Starting in 2008, the world’s economy began to slip again and by the end of 2009, completely tanked, dragging some of the underground construction work to a standstill. 

Known as the “Great Recession,” it was even more drawn out than the earlier recession. However, it didn’t have a widespread impact on the entire industry. Hardest hit was municipal sewer and water plans, which struggled with severe budget shortfalls until relief finally came in 2015 – five years after the recession was declared ended. 

Some industry segments prospered, largely due to the diversification and flexibility lessons learned from the early 2000s recession. 

A bright spot was rehabilitation market, which maintained at least some growth throughout the recession. Even more, its steady evolution over the past 30 years, from a few, primary technologies to a plethora of affordable options, played a critical role in keeping underground infrastructure operating at maximum efficiency. 

During the Great Recession, those options have been life savers for many municipalities and utilities battling tight budgets, consent decrees, public health concerns, ruptured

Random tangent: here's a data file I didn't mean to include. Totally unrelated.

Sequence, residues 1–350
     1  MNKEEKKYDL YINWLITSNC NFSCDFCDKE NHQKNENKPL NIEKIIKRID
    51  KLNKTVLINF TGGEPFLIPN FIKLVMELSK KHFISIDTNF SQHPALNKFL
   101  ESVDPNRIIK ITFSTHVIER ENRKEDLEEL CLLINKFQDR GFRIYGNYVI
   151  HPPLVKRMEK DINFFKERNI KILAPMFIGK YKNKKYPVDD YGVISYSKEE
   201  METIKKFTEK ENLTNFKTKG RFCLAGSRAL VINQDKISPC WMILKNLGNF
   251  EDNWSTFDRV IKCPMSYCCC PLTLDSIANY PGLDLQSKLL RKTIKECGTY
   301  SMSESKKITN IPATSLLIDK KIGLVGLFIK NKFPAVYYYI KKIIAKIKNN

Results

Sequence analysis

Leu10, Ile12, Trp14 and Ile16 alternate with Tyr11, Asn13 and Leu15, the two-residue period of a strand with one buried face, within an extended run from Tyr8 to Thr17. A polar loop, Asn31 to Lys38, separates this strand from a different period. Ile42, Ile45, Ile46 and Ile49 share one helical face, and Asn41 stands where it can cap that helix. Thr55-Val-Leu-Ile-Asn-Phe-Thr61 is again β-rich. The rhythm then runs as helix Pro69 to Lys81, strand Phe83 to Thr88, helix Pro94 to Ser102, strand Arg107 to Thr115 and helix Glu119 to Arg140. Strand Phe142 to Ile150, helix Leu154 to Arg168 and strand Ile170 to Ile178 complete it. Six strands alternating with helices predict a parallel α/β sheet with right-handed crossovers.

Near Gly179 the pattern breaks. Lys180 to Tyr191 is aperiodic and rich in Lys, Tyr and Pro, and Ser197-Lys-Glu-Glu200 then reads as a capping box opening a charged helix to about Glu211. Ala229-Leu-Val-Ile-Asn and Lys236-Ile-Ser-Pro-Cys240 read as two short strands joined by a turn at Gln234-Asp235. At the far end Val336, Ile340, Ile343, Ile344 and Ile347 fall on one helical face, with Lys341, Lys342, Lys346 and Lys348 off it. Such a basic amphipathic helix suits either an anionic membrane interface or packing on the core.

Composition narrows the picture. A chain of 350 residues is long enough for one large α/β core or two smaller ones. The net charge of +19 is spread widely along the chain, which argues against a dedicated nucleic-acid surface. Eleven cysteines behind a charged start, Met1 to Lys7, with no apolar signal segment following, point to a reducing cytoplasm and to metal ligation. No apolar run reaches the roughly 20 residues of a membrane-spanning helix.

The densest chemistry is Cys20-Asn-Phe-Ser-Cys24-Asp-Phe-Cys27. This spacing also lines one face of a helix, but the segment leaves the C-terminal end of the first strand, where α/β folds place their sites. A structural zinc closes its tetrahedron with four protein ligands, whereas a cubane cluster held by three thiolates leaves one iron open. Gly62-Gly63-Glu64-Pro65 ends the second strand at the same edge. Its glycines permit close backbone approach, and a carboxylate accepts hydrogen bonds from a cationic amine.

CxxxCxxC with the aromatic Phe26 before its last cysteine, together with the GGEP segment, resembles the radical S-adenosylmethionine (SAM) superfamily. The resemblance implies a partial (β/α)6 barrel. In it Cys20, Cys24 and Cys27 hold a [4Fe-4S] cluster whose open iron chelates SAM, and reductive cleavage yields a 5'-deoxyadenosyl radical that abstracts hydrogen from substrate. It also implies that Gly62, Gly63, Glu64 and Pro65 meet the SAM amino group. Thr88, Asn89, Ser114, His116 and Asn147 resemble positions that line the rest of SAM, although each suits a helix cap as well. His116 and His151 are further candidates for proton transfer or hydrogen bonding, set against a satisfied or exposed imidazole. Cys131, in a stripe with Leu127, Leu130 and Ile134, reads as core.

pipe emergencies and more. 

Another “silver lining” was HDD. Through all the market changes, HDD has survived and prospered, leaving an  
indelible impact on every aspect of the construction market – big applications and small. 

This diversification has played a key role for many success stories. Tooling and equipment also continue to be refined. Barriers to construction crumbles and in many instances,  
jobs previously thought impossible by virtually any technology, are now being designed for HDD. 

Water applications and gas distribution continued to be huge market applications for directional drilling.